- Obama shortens sentence of inmate from Cape (1/19/17)9
- Two subjects of interest in 1992 homicide to take polygraph tests (1/15/17)8
- Business notebook: Jackson salon owner also opens a clothing store (1/16/17)
- Area hospitals hope a box helps prevent infant deaths (1/19/17)6
- Cape SportsPlex contractor offers a look at the project (1/15/17)14
- Meat-processing plant faces $70K penalty for Clean Water Act violations (1/17/17)4
- Southeast to lose $3.5 million from state in budget cuts (1/18/17)21
- Local students to perform with choir at inauguration (1/19/17)3
- Subjects of interest in 1992 killing take polygraph tests; results not revealed (1/18/17)2
- Governor cuts $146 million, colleges take hit (1/17/17)
Union comes to Owens' defense
NEW YORK -- The NFL Players Association wants the Philadelphia Eagles to cut Terrell Owens if they're not going to reinstate him after his four-game suspension is over.
"We're not asking them to play him, we can't force them to do that," Gene Upshaw, the NFLPA's executive director, said Wednesday. "But if they're not going to let him come back to practice and do all the other things associated with that, then we want them to cut him, let him become a free agent now."
The union already has appealed the four-game suspension levied on the wide receiver by the Eagles for what coach Andy Reid called "a large number of situations that accumulated over a long period of time."
The appeal will be heard before arbitrator Richard Bloch on Nov. 18.
But Upshaw said that even if the suspension is upheld, the Eagles can't just tell Owens to stay away from the team and its practice facility.
"We are taking the position that's additional punishment," Upshaw told The Associated Press. "It's not fair to a player not to have an additional chance."
Upshaw differentiated between the Eagles' suspension of Owens and Tampa Bay's decision two years ago to make Keyshawn Johnson inactive for the final six games of the season. Johnson signed in 2004 with Dallas, for whom he now plays.
"There was no suspension there. A team has the right to inactivate a player for whatever reason it wants," he said. "But in T.O.'s case, this is a team suspension, not a commissioner's deal. They're different. When we bargained in those rules, there was a reason for it. The most a player can be suspended is four games. You can't go beyond that."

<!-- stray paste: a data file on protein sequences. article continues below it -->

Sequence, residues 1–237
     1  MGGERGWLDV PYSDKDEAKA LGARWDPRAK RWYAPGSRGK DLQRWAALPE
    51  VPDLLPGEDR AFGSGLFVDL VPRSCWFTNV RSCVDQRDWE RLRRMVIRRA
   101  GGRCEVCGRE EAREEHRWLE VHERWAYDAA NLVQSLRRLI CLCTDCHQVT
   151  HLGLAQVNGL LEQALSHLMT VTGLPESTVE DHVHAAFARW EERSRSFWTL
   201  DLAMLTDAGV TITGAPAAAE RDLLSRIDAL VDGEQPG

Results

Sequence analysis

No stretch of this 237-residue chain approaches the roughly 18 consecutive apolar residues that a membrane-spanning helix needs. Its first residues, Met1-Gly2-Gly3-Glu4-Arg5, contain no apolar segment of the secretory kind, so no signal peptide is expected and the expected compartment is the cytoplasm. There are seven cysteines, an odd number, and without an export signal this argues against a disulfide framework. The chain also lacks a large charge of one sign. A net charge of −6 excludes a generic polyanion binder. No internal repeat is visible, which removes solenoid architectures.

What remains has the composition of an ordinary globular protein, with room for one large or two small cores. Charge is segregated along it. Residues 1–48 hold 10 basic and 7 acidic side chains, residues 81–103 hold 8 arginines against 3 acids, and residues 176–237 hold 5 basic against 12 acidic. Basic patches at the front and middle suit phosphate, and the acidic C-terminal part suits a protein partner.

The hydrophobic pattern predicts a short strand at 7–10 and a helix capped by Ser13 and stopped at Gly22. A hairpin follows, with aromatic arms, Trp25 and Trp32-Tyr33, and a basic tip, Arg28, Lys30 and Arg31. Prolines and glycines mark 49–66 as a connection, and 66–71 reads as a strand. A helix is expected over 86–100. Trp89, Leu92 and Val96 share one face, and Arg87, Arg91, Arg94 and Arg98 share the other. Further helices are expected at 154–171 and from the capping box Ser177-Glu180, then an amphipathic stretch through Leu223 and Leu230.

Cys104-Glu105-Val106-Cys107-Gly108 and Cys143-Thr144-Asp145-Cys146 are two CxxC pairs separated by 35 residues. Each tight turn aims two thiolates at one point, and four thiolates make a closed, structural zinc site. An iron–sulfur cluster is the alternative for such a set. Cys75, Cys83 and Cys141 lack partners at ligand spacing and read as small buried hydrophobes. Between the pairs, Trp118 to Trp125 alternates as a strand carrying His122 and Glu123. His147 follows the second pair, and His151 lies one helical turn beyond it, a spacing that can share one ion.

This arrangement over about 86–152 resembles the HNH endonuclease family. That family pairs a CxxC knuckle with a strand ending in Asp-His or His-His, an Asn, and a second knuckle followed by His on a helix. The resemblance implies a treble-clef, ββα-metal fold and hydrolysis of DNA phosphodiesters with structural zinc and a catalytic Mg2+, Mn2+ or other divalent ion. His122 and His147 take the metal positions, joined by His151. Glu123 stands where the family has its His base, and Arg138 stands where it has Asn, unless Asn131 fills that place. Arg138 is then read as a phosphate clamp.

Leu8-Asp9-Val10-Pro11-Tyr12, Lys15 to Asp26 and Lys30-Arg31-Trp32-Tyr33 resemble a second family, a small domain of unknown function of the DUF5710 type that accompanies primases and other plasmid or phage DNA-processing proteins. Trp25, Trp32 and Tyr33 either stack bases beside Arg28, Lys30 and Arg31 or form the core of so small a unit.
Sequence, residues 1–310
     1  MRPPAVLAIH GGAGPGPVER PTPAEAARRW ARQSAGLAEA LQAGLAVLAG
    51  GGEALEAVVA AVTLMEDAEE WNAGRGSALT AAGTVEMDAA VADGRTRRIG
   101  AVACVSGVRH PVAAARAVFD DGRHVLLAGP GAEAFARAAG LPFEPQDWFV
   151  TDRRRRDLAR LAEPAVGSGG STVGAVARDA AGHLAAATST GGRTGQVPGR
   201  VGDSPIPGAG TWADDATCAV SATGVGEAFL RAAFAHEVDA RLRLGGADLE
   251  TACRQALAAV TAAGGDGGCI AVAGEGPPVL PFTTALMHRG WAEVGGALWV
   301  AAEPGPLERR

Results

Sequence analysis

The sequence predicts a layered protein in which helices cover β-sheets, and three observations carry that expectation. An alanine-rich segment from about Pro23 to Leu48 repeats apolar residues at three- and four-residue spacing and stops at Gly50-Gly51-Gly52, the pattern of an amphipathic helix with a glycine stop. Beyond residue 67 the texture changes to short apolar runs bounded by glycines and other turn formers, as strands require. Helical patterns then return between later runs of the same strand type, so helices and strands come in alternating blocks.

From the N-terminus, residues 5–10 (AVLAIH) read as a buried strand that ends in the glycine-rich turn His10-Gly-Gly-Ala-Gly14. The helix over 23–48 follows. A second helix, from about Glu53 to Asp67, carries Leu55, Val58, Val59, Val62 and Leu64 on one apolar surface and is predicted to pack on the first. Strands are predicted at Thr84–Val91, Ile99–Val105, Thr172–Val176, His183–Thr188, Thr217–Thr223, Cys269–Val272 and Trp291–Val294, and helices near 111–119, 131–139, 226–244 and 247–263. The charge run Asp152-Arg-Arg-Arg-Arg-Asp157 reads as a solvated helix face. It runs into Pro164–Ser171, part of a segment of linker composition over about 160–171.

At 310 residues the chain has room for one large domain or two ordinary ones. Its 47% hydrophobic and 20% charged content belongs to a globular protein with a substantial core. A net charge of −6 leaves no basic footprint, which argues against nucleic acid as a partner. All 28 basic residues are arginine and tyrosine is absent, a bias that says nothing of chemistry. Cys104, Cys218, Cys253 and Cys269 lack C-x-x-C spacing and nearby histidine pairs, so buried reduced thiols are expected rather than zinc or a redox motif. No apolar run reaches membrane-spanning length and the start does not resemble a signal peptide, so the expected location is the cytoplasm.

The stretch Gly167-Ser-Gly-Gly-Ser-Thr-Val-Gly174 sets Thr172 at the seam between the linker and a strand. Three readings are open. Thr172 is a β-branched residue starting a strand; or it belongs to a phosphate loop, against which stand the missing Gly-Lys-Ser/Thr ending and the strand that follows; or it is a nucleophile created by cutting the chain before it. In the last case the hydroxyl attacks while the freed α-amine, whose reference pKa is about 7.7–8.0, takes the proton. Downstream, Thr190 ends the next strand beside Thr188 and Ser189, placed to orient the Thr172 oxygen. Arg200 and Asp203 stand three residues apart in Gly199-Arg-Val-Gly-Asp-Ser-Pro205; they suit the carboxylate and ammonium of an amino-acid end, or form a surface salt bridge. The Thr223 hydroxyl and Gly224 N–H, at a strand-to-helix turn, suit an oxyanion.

Chiefs' Holmes out for year
Kansas City Chiefs running back Priest Holmes will miss the rest of the season because of head and neck trauma diagnosed by three experts on spinal injuries.
A helmet-to-helmet blow he absorbed on Oct. 30 against San Diego was the most recent problem for the 32-year-old running back. But coach Dick Vermeil said Wednesday signs of trouble first showed up when Holmes developed tingling in his hands during training camp.
Holmes, 32, a three-time Pro Bowler whose 66 touchdowns between 2002 and 2004 are an NFL record for any three-year span, was placed on injured reserve. Doctors had recommended he avoid any contact at all for a minimum of 30 days.
He is not incapacitated and no surgery is planned, said general manager Carl Peterson.
"It's a head trauma and a neck trauma that has affected the cervical area of his spine," Peterson said. "But he's not incapacitated. There's no reason for surgery."
A statement from Dr. Jon Browne, the Chiefs' team physician, said no permanent damage had occurred either to the head or neck and that Holmes would be re-evaluated in 30 days.
Peterson also said doctors were not concerned about the possibility of paralysis should Holmes continue playing, and that Holmes indicated he planned to resume his career next season.
Injuries have caused the Chiefs' career rushing leader to cut short two of his last three seasons. But he has shown flashes of his old self while rushing for 451 yards and six touchdowns on 119 carries. He also has 21 catches for 197 yards, including a 60-yard catch-and-run for a touchdown in a victory over Washington on Oct. 16.
"We're going to miss him," Vermeil said. "He's more than a football player for this organization."
-- The Associated Press